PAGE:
It's not marked on google maps, hiding between the villages of Llandilo and Maenclochog in Pembrokeshire, South Wales. The centrepiece is a large, dilapidated, listed building dating back to 1795, set in 56 acres of land that includes an orchard, a river, a stone circle, a wooden roundhouse, several yurts, and enormous potential. The 'Temple Druid Community' was founded in 2014 when a group of 3 families bought the land together for only £375,000. Lucky them. Now, in their own words, they're working with "the express interest in purchasing Temple Druid and of developing a year round source of high quality organic food and therapeutic holistic retreat centre for disadvantaged children/families and vulnerable adults..." and towards, "developing sustainable ecological housing though restoration of barns, out houses and self builds...We hope to offer access to an inspiring, nourishing environment in order that people have the opportunity to participate and explore that which brings meaning to their lives through interaction with the natural world and each other." In other words, exactly the kind of place I want to be.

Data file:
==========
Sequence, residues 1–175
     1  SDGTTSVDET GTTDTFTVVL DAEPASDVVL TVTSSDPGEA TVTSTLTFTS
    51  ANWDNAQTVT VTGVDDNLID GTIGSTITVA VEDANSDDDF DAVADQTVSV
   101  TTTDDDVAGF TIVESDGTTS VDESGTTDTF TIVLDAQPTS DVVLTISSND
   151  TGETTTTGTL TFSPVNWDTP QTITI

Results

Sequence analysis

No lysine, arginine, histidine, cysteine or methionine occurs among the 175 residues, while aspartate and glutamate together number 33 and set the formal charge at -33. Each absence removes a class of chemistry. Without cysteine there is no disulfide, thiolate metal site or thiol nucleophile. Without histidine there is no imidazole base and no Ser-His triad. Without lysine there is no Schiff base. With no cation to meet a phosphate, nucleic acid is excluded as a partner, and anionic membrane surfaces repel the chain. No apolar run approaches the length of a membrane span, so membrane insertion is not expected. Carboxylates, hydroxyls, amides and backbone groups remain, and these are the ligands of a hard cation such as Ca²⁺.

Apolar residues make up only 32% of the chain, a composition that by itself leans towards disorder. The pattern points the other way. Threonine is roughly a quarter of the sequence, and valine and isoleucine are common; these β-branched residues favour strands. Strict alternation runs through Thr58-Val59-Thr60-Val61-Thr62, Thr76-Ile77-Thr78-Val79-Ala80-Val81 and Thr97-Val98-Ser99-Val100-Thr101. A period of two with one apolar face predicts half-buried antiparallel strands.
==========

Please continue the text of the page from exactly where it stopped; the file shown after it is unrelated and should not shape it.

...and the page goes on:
I've been back in the city for two days and already the exhausted, detached, distracted feeling that's come to characterise my life has set back in again. I spent the weekend there as a volunteer, but compared to the last two days, it felt more like two weeks. Life outside the 'real world' is slower. Working on the land, learning from like-minded people, sleeping in my tent and waking to the sound of the birds, with only the kindness of strangers and the gear I can carry on my back to sustain me; this, I know, is how life should be. It's humiliatingly simple. Get back to nature. Make your peace. Don't worry about "finding yourself". You're right here, a tiny part of something much, much more important.